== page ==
Signs of systemic fraud cast doubt on many votes in Afghan election

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KABUL, Af­ghan­istan — When the cam­paign team led by Man­awar Shah came un­der threat on the day of the Af­ghan pres­i­den­tial run­off, it was not from the Tal­i­ban, he said, but from the peo­ple who were sup­posed to be keep­ing or­der: an al­li­ance of gov­ern­ment of­fi­cials, se­cu­rity forces and sup­port­ers of can­di­date Ashraf Ghani Ah­madzai.

Beaten and pre­vented from us­ing their video equip­ment and cell phones, his team mem­bers, work­ing for can­di­date Ab­dul­lah Ab­dul­lah in Khost prov­ince, spent June 14 watch­ing fraud but un­able to doc­u­ment it. In one poll­ing cen­ter, Mr. Shah said, they saw just 500 vot­ers and elec­tion of­fi­cials cast­ing mul­ti­ple bal­lots, for a to­tal of 10,531 votes.

That ep­i­sode and oth­ers like it led Mr. Ab­dul­lah to level ac­cu­sa­tions of a con­spir­acy by Mr. Ah­madzai, elec­tion of­fi­cials and Pres­i­dent Hamid Karzai to rig the vote, plung­ing the coun­try into cri­sis and cre­at­ing a new threat of fac­tional vi­o­lence. After years of Western aid spent build­ing it, the Af­ghan state is sud­denly at risk of col­laps­ing just as U.S. troops are leav­ing.

The im­passe grew so grave that some se­nior Af­ghan of­fi­cials con­sid­ered im­pos­ing an in­terim gov­ern­ment — a move tan­ta­mount to a coup, but one the of­fi­cials in­sisted might be needed to head off vi­o­lence.

Mr. Ah­madzai and Mr. Karzai have de­nied Mr. Ab­dul­lah’s ac­cu­sa­tions. But in­ter­views with Af­ghan and in­ter­na­tional of­fi­cials sup­port some of the most se­ri­ous of Mr. Ab­dul­lah’s claims, of­fer­ing new de­tails of a broad ef­fort to push the run­off to Mr. Ah­madzai, in­clud­ing a pres­sure cam­paign by elec­tion and pal­ace of­fi­cials and bal­lot-box stuff­ing or­ches­trated by an ally of Mr. Karzai. Most spoke on the con­di­tion of an­o­nym­ity to avoid of­fend­ing se­nior Af­ghan of­fi­cials.

The huge scale of the fraud — in­volv­ing per­haps more than 2 mil­lion bal­lots out of roughly 8 mil­lion re­ported cast, ac­cord­ing to in­de­pen­dent in­ter­na­tional es­ti­mates — has sty­mied ef­forts to achieve a demo­cratic tran­si­tion. Sec­re­tary of State John Kerry has in­ter­vened twice to keep the cam­paigns in agree­ment on a unity gov­ern­ment and a com­plete au­dit of the vote, but the pro­cess has re­peat­edly bro­ken down in dis­putes.

Despite the hopes that drove mil­lions of Af­ghans to cast le­git­i­mate votes to choose a pres­i­dent, the ex­tent of the fraud has en­sured that even if the pro­cess comes to a peace­ful con­clu­sion, the re­sult will look less like an elec­tion cor­rec­tion than a bro­kered re­sult. And in re­cent days, of­fi­cials have qui­etly ex­pressed wor­ries that even keep­ing the peace may be dif­fi­cult.

The warn­ing signs have been there since the 2009 pres­i­den­tial elec­tion be­tween Mr. Karzai and Mr. Ab­dul­lah, when 1.3 mil­lion fraud­u­lent bal­lots were thrown out. Deeply an­gered by Western han­dling of that elec­tion, Mr. Karzai pushed changes to the elec­tion com­mis­sions and the elec­toral law, re­mov­ing the in­ter­na­tional del­egates from the com­plaints com­mis­sion, ap­point­ing new com­mis­sion­ers and out­law­ing a statis­ti­cal method used for iden­ti­fy­ing fraud.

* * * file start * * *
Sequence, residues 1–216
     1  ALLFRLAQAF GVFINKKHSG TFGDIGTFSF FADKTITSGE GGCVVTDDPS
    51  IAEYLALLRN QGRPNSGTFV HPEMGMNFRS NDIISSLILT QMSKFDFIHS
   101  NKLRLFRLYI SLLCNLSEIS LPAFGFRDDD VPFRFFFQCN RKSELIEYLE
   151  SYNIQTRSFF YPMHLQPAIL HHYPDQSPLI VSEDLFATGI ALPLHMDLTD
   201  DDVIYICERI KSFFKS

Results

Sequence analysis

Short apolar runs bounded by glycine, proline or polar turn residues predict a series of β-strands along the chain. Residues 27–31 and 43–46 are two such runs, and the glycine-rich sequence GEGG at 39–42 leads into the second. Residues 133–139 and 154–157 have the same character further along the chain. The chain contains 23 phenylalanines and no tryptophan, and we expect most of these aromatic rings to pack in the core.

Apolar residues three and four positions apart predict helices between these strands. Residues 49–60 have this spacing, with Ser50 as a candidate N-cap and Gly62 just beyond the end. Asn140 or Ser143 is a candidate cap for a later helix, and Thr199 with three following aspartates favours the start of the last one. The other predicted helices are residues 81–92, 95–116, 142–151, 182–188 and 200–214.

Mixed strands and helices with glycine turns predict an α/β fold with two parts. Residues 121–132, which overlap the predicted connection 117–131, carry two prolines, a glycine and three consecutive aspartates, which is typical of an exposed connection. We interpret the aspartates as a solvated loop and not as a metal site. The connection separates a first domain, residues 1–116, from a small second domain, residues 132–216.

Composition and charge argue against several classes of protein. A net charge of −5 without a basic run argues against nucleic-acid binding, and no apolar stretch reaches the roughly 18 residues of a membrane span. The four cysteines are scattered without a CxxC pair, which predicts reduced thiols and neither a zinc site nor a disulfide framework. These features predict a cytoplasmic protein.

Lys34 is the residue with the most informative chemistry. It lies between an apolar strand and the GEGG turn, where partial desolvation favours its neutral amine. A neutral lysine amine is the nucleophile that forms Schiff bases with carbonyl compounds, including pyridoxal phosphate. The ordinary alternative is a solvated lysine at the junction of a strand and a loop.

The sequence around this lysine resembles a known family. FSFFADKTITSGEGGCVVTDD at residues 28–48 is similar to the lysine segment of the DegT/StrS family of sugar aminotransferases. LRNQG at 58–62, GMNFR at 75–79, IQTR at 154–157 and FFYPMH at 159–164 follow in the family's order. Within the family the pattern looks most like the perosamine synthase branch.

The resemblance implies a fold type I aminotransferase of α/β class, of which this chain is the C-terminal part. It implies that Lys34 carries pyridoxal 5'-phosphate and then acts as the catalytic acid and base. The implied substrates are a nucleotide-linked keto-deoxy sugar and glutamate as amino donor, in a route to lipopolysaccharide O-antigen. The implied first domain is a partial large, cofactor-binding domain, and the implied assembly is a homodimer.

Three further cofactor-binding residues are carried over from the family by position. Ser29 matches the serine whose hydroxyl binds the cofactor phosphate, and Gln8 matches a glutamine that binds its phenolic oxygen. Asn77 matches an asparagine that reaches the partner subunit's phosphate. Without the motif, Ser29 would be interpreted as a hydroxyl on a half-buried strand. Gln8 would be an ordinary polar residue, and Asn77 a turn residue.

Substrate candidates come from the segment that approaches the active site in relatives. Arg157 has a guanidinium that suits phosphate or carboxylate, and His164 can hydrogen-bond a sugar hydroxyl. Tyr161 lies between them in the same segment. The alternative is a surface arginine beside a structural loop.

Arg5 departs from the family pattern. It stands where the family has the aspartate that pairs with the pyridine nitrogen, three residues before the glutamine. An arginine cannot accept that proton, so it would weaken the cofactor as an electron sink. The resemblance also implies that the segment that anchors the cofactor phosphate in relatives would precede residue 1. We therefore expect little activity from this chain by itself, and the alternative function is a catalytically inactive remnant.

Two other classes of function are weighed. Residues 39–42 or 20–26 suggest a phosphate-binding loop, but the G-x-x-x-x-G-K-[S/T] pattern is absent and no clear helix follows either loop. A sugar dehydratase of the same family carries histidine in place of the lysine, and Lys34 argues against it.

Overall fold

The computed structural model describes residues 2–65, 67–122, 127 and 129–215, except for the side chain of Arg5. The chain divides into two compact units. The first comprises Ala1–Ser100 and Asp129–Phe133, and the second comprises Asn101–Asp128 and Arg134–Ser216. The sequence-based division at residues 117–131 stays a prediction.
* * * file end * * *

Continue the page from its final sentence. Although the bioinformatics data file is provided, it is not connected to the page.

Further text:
As the elec­tion ap­proached, Mr. Karzai avoided pub­lic state­ments for or against any spe­cific can­di­date, and in­sisted he was stay­ing out of the pro­cess. The pres­i­dent did, how­ever, make an im­por­tant in­tro­duc­tion.

Early on, Mr. Karzai re­ferred an op­er­a­tions of­fi­cer to the Inde­pen­dent Elec­tion Com­mis­sion, de­scrib­ing him as his “nephew” — an ex­pres­sion of his fa­vor rather than of ac­tual kin­ship. The of­fi­cial’s name was Zia ul-Haq Amark­hail, an en­er­getic young of­fi­cer who had worked in the field op­er­a­tions of the com­mis­sion for two years and knew his way around the sys­tem.

He was promptly ap­pointed head of the sec­re­tar­iat of the com­mis­sion, put­ting him in charge of elec­toral op­er­a­tions. One of­fi­cial who works in­side the elec­tion com­mis­sion said Mr. Amark­hail met fre­quently with se­nior aides to the pres­i­dent at the pal­ace, though elec­tion of­fi­cials were sup­posed to guard their in­de­pen­dence.

Early dur­ing the elec­tion dis­pute, Ab­dul­lah cam­paign of­fi­cials of­fered a se­ries of au­dio re­cord­ings in which they say Mr. Amark­hail, other elec­tion of­fi­cials and Ah­madzai cam­paign work­ers can be heard di­rect­ing var­i­ous of­fi­cials in bal­lot-box stuff­ing. That iden­ti­fi­ca­tion has been sup­ported by a num­ber of Western and Af­ghan of­fi­cials who say the re­cord­ings are from di­rect in­ter­cepts of tele­phone calls.


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